With respect to manufacturing, let us recall that the explanation given by the Minister last year for the manufacturing sector recording what economists like to refer to as negative growth, was partly the high cost of inputs – fuel and imported raw materials. The question whether the manufacturing sector is a mere price taker would be very interesting indeed for consideration by the Minister of Finance, the leaders of the sector and those who continue to call for any and every tax concession ever conceived. It must also be of some irony and concern that the Vice-Chairman of the Private Sector Commission and a lead private sector person on the Jagdeo-led National Competitiveness Strategy Programme, Mr Ramesh Dookhoo, is the current head of the Guyana Manufacturers Association.
It is surely not too early to ask President Jagdeo and Mr Dookhoo to show how the over five-and-a-half billion dollars borrowed from the IDB are benefiting the country, in the light of the reverse-stop-go performance of the economy. Just to put Norway’s potential contribution into context, the NCS loan is 90% of the first year LCDS payment. I do not know if the lender, the IDB pays any attention to the work done by the National Competitiveness Council but what is on the NCS website is what one would hardly expect from busy politicians and their overpaid consultants and experts.
Source: Mid-year Report 2009
As usual the report does not bother to deal with several key issues relevant to the economy and the only mention the Clico fiasco warrants is a boast that “the government’s timely intervention in placing the company under judicial management has helped to contain the impact of the company’s difficulties.” It does not appear to have been recognised or accepted that had the government’s intervention been before and not after the virtual collapse of the company’s Trinidad parent, then the country would not have lost a gross sum of tens of millions of US dollars. The report offers no assurance of when Clico’s depositors and policy-holders will receive the money guaranteed by the ever-promising President. Those include the National Insurance Scheme and thousands of others who did not benefit from the serendipitous payout by Clico just prior to its downfall. Nor does it address the new arrangements for the insurance sector that has now been placed under the Bank of Guyana, the very institution that along with the Office of the Commissioner of Insurance contributed in no small measure to the demise of Clico. It is timely to note as well that the hurriedly drafted amendment is likely to create more juridical problems than the administrative weaknesses it is intended to cure. The entire functions of the Commissioner of Insurance have been transferred to the Bank of Guyana and unless the bank creates a similarly named position it is a fair inference that the position has been abolished.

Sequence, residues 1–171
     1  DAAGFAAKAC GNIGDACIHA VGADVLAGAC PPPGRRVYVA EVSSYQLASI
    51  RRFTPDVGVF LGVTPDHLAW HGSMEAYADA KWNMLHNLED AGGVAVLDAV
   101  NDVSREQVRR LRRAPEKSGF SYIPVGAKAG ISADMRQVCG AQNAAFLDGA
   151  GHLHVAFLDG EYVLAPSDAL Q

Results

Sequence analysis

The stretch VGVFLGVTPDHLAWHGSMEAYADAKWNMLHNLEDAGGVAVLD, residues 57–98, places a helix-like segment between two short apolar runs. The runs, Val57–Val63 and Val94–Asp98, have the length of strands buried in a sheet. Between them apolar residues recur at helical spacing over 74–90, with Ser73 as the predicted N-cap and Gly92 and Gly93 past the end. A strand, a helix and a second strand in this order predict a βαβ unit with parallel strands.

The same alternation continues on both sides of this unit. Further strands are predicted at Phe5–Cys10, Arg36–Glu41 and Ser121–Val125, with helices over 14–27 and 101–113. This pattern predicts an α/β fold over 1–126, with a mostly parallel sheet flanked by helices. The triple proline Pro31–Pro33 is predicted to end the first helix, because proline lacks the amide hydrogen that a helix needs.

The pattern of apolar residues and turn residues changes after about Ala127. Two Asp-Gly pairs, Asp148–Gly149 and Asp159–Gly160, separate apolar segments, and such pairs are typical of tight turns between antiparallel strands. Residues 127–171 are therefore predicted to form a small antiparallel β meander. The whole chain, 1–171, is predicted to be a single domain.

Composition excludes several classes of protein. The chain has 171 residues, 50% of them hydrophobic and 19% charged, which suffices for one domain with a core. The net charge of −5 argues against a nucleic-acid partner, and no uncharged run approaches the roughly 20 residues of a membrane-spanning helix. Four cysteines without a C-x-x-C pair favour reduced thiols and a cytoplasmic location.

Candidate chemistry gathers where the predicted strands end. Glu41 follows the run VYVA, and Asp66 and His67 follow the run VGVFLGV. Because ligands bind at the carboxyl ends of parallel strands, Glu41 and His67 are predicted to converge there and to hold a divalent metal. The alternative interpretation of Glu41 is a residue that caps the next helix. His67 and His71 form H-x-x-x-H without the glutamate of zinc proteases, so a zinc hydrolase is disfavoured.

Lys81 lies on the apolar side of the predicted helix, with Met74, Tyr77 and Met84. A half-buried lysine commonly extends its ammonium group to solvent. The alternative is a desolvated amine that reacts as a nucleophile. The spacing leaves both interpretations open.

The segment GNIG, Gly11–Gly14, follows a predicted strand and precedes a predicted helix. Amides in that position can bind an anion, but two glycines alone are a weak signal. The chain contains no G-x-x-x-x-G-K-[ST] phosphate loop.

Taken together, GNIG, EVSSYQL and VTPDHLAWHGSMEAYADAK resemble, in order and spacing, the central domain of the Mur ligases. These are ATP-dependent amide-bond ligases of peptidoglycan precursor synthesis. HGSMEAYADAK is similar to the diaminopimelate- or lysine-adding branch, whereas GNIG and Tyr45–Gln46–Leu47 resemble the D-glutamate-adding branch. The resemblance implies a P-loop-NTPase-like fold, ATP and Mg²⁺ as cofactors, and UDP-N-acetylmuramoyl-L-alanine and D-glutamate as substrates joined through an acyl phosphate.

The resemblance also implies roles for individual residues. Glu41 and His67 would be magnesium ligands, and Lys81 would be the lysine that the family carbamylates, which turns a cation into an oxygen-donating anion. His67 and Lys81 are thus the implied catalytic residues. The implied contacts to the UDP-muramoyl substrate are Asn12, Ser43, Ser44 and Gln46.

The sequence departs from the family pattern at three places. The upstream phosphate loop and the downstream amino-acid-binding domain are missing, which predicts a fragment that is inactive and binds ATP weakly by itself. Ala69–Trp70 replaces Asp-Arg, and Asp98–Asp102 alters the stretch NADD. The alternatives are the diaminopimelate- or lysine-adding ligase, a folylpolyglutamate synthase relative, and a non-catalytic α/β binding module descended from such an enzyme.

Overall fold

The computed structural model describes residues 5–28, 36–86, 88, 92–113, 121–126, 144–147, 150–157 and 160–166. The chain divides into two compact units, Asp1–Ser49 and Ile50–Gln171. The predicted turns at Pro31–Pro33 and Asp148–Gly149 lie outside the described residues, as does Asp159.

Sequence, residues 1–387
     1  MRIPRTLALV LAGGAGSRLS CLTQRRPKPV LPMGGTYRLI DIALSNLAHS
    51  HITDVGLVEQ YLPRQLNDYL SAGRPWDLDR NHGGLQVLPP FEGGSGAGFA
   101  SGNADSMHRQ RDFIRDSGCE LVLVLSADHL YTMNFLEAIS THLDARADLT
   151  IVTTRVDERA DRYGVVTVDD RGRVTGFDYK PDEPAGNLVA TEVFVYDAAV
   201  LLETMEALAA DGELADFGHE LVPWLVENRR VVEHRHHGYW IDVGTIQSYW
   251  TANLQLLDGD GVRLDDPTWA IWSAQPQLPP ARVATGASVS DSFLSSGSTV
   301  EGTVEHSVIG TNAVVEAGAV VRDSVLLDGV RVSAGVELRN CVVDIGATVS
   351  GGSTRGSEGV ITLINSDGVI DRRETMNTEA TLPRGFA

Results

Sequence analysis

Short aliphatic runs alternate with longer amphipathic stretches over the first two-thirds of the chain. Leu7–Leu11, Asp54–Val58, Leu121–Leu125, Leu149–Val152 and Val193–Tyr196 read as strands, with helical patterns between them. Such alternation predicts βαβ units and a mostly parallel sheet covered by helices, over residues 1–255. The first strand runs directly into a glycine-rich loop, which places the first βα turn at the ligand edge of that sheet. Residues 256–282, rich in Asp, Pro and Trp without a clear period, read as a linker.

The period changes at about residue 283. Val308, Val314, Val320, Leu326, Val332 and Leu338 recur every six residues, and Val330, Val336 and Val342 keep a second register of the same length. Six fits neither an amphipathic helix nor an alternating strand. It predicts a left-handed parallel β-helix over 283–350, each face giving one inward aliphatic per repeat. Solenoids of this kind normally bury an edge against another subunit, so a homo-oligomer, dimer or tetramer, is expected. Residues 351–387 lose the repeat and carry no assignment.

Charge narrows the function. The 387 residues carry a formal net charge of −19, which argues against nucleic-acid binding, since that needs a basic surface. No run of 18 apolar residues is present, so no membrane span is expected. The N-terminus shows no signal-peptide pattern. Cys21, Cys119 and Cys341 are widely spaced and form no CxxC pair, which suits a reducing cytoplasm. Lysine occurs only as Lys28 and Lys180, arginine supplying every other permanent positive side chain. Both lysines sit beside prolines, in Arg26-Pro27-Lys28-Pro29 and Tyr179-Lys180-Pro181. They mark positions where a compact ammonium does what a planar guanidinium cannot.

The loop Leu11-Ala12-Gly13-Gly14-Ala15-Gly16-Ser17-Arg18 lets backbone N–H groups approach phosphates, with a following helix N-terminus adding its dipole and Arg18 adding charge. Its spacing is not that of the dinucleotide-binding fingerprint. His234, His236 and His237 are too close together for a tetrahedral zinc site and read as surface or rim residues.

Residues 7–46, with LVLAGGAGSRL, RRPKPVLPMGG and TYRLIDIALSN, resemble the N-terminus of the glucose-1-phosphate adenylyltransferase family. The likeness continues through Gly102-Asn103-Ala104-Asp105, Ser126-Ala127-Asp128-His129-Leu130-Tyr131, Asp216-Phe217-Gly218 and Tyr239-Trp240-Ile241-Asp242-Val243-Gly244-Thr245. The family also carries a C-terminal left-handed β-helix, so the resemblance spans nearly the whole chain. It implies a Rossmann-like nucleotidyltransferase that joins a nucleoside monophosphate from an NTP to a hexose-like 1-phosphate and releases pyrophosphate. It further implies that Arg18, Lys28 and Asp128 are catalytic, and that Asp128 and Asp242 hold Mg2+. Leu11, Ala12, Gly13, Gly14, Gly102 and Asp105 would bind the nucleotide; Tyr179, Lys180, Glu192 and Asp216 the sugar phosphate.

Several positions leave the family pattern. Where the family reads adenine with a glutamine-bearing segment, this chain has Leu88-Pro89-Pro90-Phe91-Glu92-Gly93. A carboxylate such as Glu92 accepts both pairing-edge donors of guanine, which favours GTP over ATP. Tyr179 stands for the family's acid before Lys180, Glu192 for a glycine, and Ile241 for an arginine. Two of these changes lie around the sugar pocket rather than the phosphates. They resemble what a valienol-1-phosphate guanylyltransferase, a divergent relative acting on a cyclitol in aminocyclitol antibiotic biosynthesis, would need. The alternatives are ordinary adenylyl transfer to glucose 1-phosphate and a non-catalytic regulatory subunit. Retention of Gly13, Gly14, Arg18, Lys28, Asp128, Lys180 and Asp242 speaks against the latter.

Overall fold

It would have been good too if the Minister had spent some time telling the country about the state of tax reform which has become another annual promise, the progress to stem money-laundering, the state of the National Insurance Scheme given its exposure to Clico, legislation dealing with the New Building Society that according to the President has reached its lending limit, the (President’s) $2 billion promise to the housing sector for the vulnerable groups in our society and his billion dollar mangrove project and Dr Singh’s understanding of the reasons for the sharp decline in the performance of the distribution sector, from 11% in both halves of 2008 to a mere 3% in half-year 2009. Or is it that the Minister considers this and the reported Bureau of Statistics’ “estimate” of inflation in half year 2009 of 1.3% adequately dealt with by his assessment of consumers’ exercise of “caution and prudence”? I have to confess that is a novel if not unique explanation for depressed spending power in the national economy.
To be continued